THE combined reading of section 142 of the Constitution, the Organic Law on the Integrity of Political Parties and Candidates and Part II of the Standing Orders of the National Parliament shows that the following order of procedure has to be followed for the first two critical days of the 10th Parliament.
Wednesday 2 August 2017
- Members will assemble in the Chamber at the appointed time.
- The Clerk will read the National Gazette notification calling the Parliament together and the notification appointing the representative of the Governor-General to administer the Declaration of Office and Declaration of Loyalty. (This may be administered by the Chief Justice).
- Notice is given in the normal manner for the appointment of the Speaker and the Prime Minister.
- Parliament adjourns to the “next sitting day” which is Thursday 3rd August 2017 for the election of the Speaker followed by the Election of Prime Minister.
Thursday 3 August 2017
- Election of Speaker. When more than one Member is proposed and seconded as Speaker, the Clerk acting as Chairman of the Parliament will conduct an election by exhaustive secret ballot.
- Parliament’s decision on Election of Speaker is announced.
- Parliament will be suspended whilst Mr Speaker presents himself to the Governor-General and is sworn into office.
- Mr Speaker returns to Parliament and reports that he was duly sworn in by the Governor General.
- Parliament will proceed to elect a Prime Minister, or be adjourned for no more than 3 days.
- The nominee of the party invited by the Governor General to form government will be asked state whether he accepts the nomination. If he accepts the nomination, the voting of the Prime Minister Proceeds by dividing dividing and moving Members to positions indicated by the Speaker.
- If the nominee does not master the simple majority to form government, then Speaker will call for and accept nominations, duly moved and seconded on the floor of Parliament.
Parliament cannot elect the Speaker and Prime Minister on Wednesday 2 August. This is the first session/sitting day where notice is given. The voting of the Speaker and the PM has to occur on the next sitting day which is Thursday 3 August.
This is the correct interpretation confirmed by the Supreme Court in Haiveta, Leader of the Opposition v Wingti, Prime Minister; and Attorney-General; and National Parliament  PGLawRp 197 (25 August 1994).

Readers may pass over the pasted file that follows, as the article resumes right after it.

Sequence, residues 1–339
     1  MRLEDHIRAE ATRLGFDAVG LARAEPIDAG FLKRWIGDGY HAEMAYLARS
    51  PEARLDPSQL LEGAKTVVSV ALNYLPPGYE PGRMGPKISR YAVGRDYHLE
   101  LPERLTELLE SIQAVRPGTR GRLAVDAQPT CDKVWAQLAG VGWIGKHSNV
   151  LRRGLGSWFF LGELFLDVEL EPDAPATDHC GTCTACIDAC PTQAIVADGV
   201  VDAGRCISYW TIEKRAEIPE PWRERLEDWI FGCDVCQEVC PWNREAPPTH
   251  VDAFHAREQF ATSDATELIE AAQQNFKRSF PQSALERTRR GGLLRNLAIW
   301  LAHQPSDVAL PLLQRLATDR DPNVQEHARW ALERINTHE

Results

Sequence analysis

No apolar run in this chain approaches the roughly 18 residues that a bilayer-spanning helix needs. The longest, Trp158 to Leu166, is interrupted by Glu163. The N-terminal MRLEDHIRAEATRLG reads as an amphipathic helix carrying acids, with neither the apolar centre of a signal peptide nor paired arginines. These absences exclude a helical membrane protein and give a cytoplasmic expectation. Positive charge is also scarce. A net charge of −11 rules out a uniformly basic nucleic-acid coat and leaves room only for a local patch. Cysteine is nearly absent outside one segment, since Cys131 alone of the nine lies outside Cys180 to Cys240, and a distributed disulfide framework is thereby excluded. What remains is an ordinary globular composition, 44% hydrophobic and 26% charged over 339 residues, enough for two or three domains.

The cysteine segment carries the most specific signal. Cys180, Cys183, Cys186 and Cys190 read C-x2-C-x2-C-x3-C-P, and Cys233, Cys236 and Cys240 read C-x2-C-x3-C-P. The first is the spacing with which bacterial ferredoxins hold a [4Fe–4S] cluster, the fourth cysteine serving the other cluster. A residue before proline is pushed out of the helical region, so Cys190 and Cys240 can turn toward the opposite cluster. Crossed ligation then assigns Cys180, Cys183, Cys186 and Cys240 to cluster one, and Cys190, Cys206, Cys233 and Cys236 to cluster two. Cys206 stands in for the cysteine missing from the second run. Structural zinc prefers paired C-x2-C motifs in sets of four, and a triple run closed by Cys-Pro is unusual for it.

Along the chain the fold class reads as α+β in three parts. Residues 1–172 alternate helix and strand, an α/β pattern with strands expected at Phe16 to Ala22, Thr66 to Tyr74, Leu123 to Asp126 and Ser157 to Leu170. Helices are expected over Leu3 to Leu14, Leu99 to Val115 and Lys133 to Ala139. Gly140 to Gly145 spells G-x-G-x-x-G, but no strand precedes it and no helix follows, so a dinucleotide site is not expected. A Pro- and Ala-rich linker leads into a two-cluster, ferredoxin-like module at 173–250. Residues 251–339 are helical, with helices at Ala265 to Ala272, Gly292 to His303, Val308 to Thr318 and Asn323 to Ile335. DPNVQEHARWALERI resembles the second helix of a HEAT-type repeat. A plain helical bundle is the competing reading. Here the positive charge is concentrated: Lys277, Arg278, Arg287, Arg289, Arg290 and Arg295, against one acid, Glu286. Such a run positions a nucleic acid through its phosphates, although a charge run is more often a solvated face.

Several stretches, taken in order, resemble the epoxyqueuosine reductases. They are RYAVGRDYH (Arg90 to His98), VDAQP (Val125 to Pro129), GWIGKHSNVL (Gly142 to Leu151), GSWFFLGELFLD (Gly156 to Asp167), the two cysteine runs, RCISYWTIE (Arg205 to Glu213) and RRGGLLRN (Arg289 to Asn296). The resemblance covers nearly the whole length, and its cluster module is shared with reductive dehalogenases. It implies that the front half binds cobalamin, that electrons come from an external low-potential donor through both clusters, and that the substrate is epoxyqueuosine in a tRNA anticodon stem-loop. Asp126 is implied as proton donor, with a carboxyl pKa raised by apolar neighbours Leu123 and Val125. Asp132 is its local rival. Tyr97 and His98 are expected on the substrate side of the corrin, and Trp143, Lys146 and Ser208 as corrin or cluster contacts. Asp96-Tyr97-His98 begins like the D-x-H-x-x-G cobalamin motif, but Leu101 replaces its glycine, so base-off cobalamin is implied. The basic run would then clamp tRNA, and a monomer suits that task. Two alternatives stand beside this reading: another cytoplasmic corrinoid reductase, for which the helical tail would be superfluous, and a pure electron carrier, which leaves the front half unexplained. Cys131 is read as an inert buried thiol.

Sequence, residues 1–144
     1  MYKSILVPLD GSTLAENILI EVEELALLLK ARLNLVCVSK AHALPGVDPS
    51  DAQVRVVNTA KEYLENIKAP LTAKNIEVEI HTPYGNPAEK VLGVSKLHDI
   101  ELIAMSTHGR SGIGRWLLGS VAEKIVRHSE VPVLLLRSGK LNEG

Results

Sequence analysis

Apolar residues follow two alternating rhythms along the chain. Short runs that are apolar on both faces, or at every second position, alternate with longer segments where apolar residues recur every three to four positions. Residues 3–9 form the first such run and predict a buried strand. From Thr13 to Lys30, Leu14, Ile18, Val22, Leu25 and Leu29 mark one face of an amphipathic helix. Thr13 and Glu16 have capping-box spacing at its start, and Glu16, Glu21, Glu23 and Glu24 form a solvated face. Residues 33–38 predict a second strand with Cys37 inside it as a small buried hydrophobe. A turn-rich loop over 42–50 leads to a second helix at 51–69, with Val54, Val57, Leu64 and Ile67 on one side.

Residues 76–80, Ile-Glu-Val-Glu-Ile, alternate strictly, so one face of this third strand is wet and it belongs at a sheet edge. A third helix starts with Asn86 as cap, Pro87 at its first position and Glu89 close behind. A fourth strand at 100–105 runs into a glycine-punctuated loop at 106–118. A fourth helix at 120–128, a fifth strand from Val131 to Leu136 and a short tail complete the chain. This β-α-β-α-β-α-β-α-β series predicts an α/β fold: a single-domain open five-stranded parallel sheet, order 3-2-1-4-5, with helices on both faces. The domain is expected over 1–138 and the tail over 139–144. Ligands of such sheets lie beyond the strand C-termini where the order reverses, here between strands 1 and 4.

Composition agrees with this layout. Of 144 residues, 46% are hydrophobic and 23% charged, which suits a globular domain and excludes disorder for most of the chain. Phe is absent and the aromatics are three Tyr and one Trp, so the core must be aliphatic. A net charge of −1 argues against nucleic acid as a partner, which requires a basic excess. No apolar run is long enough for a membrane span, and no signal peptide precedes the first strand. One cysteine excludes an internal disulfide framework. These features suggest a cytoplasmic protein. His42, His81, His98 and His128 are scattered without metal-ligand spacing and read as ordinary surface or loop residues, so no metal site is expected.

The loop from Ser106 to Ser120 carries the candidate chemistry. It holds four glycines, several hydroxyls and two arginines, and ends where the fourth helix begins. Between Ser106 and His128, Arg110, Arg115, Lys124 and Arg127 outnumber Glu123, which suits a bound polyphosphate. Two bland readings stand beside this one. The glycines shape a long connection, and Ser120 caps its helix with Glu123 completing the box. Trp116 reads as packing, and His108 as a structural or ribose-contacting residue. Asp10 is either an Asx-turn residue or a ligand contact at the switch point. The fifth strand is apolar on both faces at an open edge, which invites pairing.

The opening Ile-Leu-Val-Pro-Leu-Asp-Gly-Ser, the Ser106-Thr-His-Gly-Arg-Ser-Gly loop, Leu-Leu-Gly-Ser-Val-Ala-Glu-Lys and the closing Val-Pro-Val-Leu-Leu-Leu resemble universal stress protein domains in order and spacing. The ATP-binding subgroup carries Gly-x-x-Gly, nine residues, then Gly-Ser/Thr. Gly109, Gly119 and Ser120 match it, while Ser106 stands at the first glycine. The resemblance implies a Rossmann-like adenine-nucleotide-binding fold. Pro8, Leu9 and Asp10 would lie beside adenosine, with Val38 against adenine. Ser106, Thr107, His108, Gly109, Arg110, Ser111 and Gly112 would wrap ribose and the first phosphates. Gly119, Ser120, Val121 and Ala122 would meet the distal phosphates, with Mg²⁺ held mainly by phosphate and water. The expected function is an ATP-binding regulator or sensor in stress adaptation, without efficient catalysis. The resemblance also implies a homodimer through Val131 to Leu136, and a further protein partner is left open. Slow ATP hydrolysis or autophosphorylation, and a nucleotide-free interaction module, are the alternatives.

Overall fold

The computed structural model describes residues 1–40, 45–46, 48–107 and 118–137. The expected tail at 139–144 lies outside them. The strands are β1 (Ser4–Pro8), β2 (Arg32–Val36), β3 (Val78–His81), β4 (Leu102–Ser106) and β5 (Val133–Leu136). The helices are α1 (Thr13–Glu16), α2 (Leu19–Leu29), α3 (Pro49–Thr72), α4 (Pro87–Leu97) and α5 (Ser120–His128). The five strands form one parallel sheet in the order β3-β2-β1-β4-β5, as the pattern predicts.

The main reasoning was provided by Amet CJ and Kapi DCJ (as they then were respectively), which drew unanimous support from the three other members of the bench. A relevant portion of Amet CJ’s reasons is reproduced as follows:
APPOINTMENT OF PRIME MINISTER AFTER A GENERAL ELECTION: SS 142(2) AND (4)
Section 142(2) is a general enabling provision for the appointment of a Prime Minister. The operative provision is s 142(4). Section 142(2) simply states that the Prime Minister shall be appointed, at the first meeting of the Parliament after a general election and otherwise from time to time as the occasion for the appointment of a Prime Minster arises.
Section 142(3) and (4) provide the time frame and the order in which the principal formal business of Parliament on that occasion shall be conducted. As I have concluded that the consideration of election and appointment of the Prime Minister under s 142(3) shall be "on the next sitting day" following Parliament being formally advised, to render consistency of this interpretation to the same expression also in s 142(4), and for the avoidance of uncertainty, following a general election s 142(2) and (4) apply.
The election of the Governor-General, if necessary, the Speaker, and the Prime Minister shall take place "on the next sitting day" following the calling of Parliament. That is that, after Parliament is convened on the first day when the writs are returned and the new members are sworn into office, notice is given in the normal manner for the appointment of the Speaker and the Prime Minister, which are then adjourned to be considered and voted upon "on the next sitting day". This conclusion has the effect of over-ruling the case of Mopio v Speaker of the National Parliament (supra).
It will therefore be unconstitutional to elect both the Prime Minister and the Speaker on Wednesday 2 August when parliament meets for the first time after the general elections. It has to occur on the next sitting day –Thursday 3 August.